R. Gustav Niebuhr, distinguished Presbyterian journalist and academic, dies at age 68

Among his many honors was the 2000 David Steele Distinguished Writer Award from the Presbyterian Writers Guild

by Mike Ferguson | Presbyterian News Service

R. Gustav Niebuhr

LOUISVILLE — R. Gustav Niebuhr, a pioneering Presbyterian journalist and scholar whose many awards included the 2000 David Steele Distinguished Writer Award from the Presbyterian Writers Guild, died Oct. 20 at age 68 from long-term complications from Parkinson’s Disease. His obituary is here, with a remembrance from Syracuse University, where he taught, found here.

According to his obituary, Niebuhr was among the first journalists to recognize what political reporters today take as axiomatic: despite the waning influence of mainline denominations, religious belief plays a central role in American political and civic life. His work helped move coverage of religion out of traditional “church news” columns and onto the front page of national newspapers.

After graduating from Pomona College in 1977 and earning a master’s degree in history from the University of Oxford in 1980, Niebuhr began his journalism career in 1980 at the Berkshire Eagle in Massachusetts. He worked at the New Orleans Times-Picayune before lobbying the Atlanta Journal-Constitution — ultimately successfully — to hire him to cover religion and politics in 1986. He not only wrote about the United States but also traveled on behalf of the paper to report on the growing influence of evangelicals in Central America and tension between Marxism and Christianity in Cuba.

In successive stints at the Wall Street Journal, the Washington Post and the New York Times and as an occasional guest on National Public Radio, Niebuhr explored the broad impact of religion on society in the U.S. and globally. In 1994, he swept the top awards given by then Religion Newswriters Association for stories that included an analysis of the tragedy at the Branch Davidian compound in Waco, Texas.

In 2001, Niebuhr moved to academia as a scholar in residence at what is now the Center for Culture, Society and Religion at Princeton University. In 2004, he joined the faculty of Syracuse University, later becoming an associate professor of religion and the media. He held an honorary doctorate from Elmhurst University, then Elmhurst College, where his grandfather, H. Richard Niebuhr, served as president. Gustav Niebuhr taught and lectured widely, including at Union Theological Seminary and Princeton Theological Seminary, the Chautauqua Institution, the University of California Santa Barbara, and in Japan for the U.S. Department of State.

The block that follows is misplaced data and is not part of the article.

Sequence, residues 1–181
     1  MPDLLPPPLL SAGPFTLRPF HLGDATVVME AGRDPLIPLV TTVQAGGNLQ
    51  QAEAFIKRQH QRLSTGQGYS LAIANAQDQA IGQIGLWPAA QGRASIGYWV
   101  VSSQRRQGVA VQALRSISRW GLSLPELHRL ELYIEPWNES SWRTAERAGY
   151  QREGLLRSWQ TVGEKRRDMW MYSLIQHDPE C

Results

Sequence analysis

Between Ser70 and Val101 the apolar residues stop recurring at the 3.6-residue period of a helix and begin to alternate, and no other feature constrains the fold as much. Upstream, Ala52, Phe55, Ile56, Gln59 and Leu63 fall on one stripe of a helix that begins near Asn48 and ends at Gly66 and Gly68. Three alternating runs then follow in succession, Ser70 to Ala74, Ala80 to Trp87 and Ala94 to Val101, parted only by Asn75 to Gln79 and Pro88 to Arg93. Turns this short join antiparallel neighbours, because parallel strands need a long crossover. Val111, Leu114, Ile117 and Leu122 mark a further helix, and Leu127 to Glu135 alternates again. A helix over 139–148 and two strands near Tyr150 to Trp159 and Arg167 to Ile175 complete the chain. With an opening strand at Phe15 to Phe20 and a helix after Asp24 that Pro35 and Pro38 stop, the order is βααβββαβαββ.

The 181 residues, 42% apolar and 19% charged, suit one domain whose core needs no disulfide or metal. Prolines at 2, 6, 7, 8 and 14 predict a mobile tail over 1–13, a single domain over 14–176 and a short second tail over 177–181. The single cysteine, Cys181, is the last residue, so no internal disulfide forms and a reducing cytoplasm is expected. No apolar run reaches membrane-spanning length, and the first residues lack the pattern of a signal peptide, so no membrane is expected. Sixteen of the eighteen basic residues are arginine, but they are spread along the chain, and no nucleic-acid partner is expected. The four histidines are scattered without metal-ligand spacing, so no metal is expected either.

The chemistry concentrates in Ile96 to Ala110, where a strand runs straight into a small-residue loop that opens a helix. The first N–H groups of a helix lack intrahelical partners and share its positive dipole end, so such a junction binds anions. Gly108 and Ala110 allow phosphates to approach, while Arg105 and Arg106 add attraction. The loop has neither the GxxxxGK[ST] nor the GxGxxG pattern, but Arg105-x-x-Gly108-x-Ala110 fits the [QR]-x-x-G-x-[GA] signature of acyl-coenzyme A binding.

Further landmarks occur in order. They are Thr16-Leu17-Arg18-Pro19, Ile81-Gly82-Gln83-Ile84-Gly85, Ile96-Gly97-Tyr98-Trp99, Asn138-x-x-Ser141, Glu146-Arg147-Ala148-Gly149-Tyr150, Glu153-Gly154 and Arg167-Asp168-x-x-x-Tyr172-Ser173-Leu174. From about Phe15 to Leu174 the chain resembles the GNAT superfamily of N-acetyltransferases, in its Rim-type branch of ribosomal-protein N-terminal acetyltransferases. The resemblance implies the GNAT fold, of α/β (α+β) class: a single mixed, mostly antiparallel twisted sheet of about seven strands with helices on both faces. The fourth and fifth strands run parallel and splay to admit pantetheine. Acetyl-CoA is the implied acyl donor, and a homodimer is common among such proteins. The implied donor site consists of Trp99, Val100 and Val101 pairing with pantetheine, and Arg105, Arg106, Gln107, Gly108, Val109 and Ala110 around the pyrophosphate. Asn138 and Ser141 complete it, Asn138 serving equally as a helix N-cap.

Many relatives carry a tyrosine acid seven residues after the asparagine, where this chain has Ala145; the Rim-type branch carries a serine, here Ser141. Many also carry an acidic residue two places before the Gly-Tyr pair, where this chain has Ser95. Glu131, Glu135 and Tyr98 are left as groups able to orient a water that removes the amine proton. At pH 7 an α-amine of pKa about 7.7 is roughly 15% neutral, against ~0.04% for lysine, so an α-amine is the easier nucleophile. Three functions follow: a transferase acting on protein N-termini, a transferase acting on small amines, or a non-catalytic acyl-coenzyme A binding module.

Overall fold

Niebuhr came from a family that exerted an outsized influence on American religious thought. He was the great-nephew of renowned 20th century theologian Reinhold Niebuhr, the grandson of theologian H. Richard Niebuhr, and the son of Richard R. Niebuhr, a professor at Harvard Divinity School.

In 1994, Niebuhr married his former Atlanta Journal-Constitution colleague, Margaret Lillian Usdansky, now a sociologist and founding director of the Center for Learning and Student Success at Syracuse University. As Niebuhr told it, the New York Times proposed to him shortly before he proposed to Usdansky, and he turned the Times down until editors there agreed to let him work in Washington, D.C., while Usdansky completed a master’s degree at Georgetown University. Niebuhr took Usdansky to the Clinton White House, Japan, India, Windsor Castle and Greece. The couple raised two sons: Christopher George Niebuhr, a senior research analyst at Beacon Policy Advisors in Washington, D.C., and Jonathan Richard Niebuhr, a senior at the University of Southern California.

Niebuhr is also survived by his sister, Sarah Niebuhr, her husband Lynn Coale and nieces, Katie Jennings and Lisa Coale and their husbands Lance Jennings and Eric Shaeffer.

A memorial service will be held on December 29 at Syracuse University, with plans to be announced at a later date.

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